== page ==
As most marketers have learned over the past decade, harnessing the power of social media is no easy task. This puzzle is even more difficult to solve when you aren’t working in the traditional business-to-consumer landscape. This week, I had the opportunity to sit down with Alison Reynolds, a Senior Associate on the Corporate Communications team at Epsilon. Alison is an experienced content marketer who was able to provide an insightful perspective into the world of social media at business-to-business companies.
Thanks for meeting with me, Alison. To start us off, can you explain the structure of Epsilon’s social media team?
Epsilon’s social media team sits as a part of corporate communications, which is pretty standard for the industry. My manager and I run the day-to-day activities for the Epsilon marketing account, and we have regional folks who manage the Europe and APAC accounts, as well as HR team members who manage our recruiting social media presence. We have separate people managing these accounts to make sure those messages are getting out into the market since they are different from the messages we’re trying to drive from Epsilon Marketing. All of our social account owners make sure to stay connected internally to adhere to Epsilon’s guidelines, and to make sure there is no overlap or confusion in our messaging.
How would you describe Epsilon’s social media strategy?
Our social media strategy aligns with our overall corporate communications strategy. Our goal is to drive thought leadership in the marketplace and position Epsilon as an industry expert and go-to resource in our key function areas. Social has become an extension of this, especially on LinkedIn and Twitter. We use Facebook and Instagram more as recruiting tools and platforms for employee engagement, often sharing photos that are indicative of our company culture.
Your strategy seems very unique to your business and its target audience. Can you discuss how social media use differs for B2B versus B2C companies?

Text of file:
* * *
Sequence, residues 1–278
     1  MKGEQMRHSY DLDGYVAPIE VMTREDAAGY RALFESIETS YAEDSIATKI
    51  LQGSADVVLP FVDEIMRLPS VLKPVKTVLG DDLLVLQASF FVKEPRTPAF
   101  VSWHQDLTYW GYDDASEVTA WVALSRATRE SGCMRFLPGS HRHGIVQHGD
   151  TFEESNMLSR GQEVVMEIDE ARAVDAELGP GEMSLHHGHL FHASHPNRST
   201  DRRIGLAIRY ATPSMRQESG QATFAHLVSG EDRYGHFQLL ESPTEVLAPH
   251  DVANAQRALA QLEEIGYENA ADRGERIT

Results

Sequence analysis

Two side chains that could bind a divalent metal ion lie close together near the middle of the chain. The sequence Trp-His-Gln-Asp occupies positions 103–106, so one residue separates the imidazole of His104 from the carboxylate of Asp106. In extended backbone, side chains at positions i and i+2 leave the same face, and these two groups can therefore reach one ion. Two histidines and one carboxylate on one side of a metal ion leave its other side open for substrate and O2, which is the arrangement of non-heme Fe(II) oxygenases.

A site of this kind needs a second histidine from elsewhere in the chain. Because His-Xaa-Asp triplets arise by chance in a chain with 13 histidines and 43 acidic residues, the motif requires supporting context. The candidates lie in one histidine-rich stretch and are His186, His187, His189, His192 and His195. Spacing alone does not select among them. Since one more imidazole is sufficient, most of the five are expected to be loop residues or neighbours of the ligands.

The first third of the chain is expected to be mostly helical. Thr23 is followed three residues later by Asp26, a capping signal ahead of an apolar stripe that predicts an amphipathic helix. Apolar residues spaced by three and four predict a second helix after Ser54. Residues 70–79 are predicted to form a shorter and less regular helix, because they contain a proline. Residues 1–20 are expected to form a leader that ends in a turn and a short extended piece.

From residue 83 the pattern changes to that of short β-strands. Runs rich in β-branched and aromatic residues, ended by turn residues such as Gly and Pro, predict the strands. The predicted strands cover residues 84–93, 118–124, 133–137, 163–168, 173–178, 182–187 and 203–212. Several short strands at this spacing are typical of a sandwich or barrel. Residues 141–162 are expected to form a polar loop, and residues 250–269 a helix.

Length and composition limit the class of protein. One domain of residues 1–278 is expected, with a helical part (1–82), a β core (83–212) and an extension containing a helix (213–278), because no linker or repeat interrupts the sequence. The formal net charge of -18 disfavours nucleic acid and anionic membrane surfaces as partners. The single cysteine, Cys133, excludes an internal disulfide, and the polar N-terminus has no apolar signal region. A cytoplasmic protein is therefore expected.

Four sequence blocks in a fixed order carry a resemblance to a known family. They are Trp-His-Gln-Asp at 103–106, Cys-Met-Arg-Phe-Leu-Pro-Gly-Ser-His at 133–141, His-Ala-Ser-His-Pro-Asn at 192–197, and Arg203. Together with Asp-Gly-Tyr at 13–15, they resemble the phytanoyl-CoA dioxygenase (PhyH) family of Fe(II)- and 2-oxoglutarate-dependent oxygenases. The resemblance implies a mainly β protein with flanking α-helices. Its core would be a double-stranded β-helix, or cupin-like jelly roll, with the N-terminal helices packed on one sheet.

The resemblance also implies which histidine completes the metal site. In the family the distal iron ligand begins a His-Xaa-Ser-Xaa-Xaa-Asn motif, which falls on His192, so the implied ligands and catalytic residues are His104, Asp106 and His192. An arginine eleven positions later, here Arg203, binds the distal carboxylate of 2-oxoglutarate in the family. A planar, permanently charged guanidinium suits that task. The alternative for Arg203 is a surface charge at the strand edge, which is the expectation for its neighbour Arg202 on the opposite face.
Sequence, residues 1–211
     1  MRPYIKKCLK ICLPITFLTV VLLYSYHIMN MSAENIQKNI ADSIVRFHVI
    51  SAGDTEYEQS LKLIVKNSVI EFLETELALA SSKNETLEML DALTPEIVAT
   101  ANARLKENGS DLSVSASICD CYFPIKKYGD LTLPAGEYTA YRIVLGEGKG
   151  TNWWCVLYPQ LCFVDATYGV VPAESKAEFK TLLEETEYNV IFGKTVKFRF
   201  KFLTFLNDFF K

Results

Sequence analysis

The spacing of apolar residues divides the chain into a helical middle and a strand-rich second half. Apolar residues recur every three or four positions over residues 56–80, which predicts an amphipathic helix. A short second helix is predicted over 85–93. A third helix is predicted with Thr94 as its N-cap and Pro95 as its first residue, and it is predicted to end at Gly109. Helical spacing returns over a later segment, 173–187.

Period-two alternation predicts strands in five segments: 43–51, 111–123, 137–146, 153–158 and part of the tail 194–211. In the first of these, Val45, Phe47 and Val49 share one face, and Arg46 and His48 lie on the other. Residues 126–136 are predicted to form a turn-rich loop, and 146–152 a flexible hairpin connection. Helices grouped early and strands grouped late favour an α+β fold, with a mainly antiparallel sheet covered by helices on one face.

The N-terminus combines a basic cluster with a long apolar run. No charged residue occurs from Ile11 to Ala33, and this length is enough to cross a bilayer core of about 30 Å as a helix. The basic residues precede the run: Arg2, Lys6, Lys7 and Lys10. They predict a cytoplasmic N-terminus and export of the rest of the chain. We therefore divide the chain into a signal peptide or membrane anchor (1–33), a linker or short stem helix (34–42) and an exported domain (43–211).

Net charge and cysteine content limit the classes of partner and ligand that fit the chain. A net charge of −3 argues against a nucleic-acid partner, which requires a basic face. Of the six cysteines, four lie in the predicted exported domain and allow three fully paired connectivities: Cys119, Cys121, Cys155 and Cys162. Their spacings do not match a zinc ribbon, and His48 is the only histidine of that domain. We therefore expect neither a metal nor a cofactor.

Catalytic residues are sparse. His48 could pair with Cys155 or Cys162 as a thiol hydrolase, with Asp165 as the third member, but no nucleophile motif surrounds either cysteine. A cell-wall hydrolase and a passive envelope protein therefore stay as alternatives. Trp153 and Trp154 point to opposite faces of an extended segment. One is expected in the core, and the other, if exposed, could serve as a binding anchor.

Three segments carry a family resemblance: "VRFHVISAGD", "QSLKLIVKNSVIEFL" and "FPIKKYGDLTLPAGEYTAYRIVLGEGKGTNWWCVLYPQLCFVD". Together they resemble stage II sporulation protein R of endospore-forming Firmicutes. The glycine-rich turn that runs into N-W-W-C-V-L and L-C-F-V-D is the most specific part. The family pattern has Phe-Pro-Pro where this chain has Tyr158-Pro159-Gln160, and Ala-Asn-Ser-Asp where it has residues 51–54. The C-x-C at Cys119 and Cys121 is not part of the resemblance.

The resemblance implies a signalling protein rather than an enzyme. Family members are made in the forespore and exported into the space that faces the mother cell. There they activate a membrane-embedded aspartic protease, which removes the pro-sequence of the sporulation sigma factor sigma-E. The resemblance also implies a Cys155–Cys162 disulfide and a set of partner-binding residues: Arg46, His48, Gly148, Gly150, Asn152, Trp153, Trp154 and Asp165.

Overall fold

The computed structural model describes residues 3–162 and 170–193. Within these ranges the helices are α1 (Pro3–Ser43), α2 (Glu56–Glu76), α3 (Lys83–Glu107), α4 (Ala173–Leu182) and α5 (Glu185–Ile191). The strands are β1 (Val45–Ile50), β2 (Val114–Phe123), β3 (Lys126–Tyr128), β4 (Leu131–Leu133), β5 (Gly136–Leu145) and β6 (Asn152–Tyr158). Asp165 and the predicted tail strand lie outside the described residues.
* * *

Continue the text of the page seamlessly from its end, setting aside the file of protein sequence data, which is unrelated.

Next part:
For B2C, consumers connect directly with brands and those brands mean something to consumers when they’re using their products. Every day, they have an emotional connection to those brands, but this brand affinity is often missing in the B2B world. Folks won’t engage with Epsilon just because they like our brand, and we’re offering deals or coupons. Instead, we’re focused more on education and information sharing. While we are still trying to connect with other humans, social for B2B companies is more about extending the visibility of our brand and increasing thought leadership.
It’s interesting that you bring up the concept of business-to-human. Can you talk a little bit more about that?
Whether your company is B2B or B2C, there is always going to be a person on the other end who is making a decision on behalf of their business. While our communications differ from B2C, we still need to include some human elements. We have to be engaging, use simple language that people will understand and connect with them in a way that goes beyond what we’re trying to drive from a business and sales perspective. It’s less about what is going to motivate the business and more about what is going to motivate the individual.
I know it isn’t always easy to tell if your social media strategy is working. Which tools do you use to measure your social media impact?
We use TrackMaven to monitor our social media growth, and to see what others in the industry are doing and how we compare to them. It’s pretty useful in the sense that it allows us to normalize things. It helps to provide some benchmarks for us to see where we should be. It’s also helpful to see what types of topics in the industry are being talked about, which topics are generating interest and what drives engagement.
Besides monitoring competitors, what do you do to stay ahead of social media trends?
I really try to read as many articles about social media as I can. I also try out new platforms, and tap into people like you in younger generations to see what they’re using and how they’re engaging with brands. It’s hard and it goes beyond just reading up, you know? It involves trying out things like Periscope and Snapchat to see if they make sense for our brand.
It sounds like you have a lot on your plate. What is the most difficult part about working in social media?
It’s incredibly unpredictable. You can’t always predict what others will be saying or how you’ll have to react to something, so that’s tough to plan for. Social media often requires you to drop everything and shift your focus to what needs to be handled immediately. That can be hard to manage sometimes.
One last question: where do you see Epsilon’s use of social media going in the future?
I definitely see it getting more strategic. By that, I mean ensuring we’re using the right channels for the right purposes. For example, we’re currently using Instagram for both Epsilon Marketing and Campus Recruiting, but I think we need to analyze which social media channels are right for each of our needs. It is crucial to determine the right mix of channels and content in order to make an impact.
I’d like to see our use of social media incorporate more video in the future. We need to try to leverage things like Periscope to use live video and create additional content to engage more people. I think that is a big area of opportunity for us in the near future.